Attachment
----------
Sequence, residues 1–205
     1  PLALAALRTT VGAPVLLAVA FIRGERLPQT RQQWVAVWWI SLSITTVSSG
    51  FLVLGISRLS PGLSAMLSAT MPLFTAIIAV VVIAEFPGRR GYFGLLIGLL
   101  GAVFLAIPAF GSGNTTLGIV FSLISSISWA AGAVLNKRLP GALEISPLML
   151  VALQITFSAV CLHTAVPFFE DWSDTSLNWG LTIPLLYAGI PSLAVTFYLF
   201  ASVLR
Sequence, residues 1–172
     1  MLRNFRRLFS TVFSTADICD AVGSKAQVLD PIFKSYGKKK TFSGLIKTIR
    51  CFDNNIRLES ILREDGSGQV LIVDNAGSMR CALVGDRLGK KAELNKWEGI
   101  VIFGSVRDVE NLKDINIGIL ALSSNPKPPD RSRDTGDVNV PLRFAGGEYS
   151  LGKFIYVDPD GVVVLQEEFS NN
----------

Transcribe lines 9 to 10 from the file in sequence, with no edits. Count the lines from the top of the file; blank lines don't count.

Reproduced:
    51  CFDNNIRLES ILREDGSGQV LIVDNAGSMR CALVGDRLGK KAELNKWEGI
   101  VIFGSVRDVE NLKDINIGIL ALSSNPKPPD RSRDTGDVNV PLRFAGGEYS